Do you go out jogging regularly? If you do, you probably do it for health reasons. You may do it to increase muscle mass, lose weight and to improve your cardiovascular fitness levels. Whatever your own personal reason might be, you are probably also aware of how annoying it can be if you have to stop jogging for a while for some reason. Your fitness levels can be impacted very quickly if you have to do this.
As such, it makes sense to avoid stopping if you possibly can. However, if you were to be injured while jogging, this may not be possible. For instance, if you tripped over a hazard or caught your foot in a pothole on the pavement or in the road, you could do yourself a serious injury. Broken bones take several weeks to heal, during which time you would obviously be unable to jog.
Who was responsible?
This is a key question you will need to ask yourself if you were injured while jogging recently. In the case of a pothole or other hazard involving the road or pavement, there is a chance the local council could potentially be at fault. Fortunately, all councils do an excellent job of maintaining their local roads and pavements, so such incidents do tend to be rare.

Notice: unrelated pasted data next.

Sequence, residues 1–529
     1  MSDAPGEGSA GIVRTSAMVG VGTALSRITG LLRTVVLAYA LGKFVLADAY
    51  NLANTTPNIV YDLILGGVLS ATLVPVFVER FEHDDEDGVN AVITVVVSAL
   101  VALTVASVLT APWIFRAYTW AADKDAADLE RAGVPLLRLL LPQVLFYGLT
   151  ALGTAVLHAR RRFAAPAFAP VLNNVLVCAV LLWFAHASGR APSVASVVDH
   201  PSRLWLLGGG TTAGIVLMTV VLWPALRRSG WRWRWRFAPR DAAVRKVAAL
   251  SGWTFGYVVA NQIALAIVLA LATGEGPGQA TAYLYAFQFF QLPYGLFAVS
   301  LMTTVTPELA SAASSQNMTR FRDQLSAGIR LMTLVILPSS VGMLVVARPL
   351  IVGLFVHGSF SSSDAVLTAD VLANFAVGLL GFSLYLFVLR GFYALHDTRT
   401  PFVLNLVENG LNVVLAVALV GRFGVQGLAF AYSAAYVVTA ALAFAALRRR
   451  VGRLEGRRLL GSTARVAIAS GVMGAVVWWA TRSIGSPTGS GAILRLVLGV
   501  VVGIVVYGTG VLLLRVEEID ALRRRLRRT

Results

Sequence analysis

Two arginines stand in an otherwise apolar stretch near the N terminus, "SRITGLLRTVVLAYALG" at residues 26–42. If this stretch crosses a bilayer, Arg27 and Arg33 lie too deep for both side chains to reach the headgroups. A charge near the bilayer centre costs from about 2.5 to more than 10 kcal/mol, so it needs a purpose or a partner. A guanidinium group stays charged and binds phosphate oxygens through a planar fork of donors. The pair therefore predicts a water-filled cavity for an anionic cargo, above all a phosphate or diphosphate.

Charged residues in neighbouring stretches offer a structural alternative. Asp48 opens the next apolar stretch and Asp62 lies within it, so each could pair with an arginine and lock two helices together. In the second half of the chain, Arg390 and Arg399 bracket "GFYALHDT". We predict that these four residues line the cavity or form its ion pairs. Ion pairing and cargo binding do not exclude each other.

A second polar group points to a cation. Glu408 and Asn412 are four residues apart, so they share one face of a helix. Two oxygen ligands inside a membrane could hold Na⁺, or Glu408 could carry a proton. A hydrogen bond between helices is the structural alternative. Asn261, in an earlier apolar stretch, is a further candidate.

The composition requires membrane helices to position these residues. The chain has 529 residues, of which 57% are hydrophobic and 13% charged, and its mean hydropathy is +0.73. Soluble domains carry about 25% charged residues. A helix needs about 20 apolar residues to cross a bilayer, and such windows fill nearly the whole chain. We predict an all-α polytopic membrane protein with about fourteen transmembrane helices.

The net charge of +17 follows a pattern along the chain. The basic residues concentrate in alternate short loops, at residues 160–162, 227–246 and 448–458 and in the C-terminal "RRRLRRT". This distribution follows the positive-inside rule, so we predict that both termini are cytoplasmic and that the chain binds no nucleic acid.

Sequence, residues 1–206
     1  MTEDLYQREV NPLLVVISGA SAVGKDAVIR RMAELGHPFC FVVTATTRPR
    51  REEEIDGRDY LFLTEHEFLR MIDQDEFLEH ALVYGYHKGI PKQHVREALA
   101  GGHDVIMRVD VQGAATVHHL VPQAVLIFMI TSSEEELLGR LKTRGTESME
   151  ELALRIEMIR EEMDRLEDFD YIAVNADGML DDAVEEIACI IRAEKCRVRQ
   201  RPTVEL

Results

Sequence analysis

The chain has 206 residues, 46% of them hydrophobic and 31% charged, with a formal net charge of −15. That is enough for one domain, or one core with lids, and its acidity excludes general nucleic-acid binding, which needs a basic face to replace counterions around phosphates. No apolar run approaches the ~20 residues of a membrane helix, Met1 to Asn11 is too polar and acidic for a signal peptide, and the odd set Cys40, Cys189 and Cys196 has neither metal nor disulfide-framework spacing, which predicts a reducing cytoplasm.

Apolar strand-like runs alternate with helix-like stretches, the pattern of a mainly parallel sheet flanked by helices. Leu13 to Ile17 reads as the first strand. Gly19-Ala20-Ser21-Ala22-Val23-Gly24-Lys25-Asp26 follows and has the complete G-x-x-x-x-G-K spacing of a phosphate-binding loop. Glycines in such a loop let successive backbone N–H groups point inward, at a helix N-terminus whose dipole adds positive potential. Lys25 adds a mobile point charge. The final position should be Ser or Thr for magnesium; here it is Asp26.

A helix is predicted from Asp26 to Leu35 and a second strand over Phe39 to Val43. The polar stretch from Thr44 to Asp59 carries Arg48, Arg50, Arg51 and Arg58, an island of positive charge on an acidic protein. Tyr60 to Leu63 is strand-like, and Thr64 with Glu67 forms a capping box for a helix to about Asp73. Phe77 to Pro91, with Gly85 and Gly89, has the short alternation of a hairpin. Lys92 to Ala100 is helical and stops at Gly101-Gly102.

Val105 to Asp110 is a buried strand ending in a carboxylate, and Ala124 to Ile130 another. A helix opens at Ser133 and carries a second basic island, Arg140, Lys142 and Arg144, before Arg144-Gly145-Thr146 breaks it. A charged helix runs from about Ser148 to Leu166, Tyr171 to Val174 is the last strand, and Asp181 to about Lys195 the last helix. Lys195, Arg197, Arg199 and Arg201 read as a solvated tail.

However, there is still a chance you may have been hurt while jogging and if this has occurred, you will know how painful injuries can be, and how annoying it can be to have to put a stop to your normal exercise routine.
Taking the next step
Regardless of whether your injuries turned out to be minor or more serious, you can always call the team working at Accident Advice Helpline. Our advisors have been specially trained to deal with all manner of incidents such as these, and to determine whether compensation claims could be warranted in these cases.
When you call free on 0800 689 0500, you will be able to speak with an advisor. If it is determined that you have a good case, you may be able to look forward to having a lawyer take your case. This can be done on a no win, no fee agreement. As such, you will never be at financial risk – you don’t even pay for the initial phone call or for our no-obligation advice.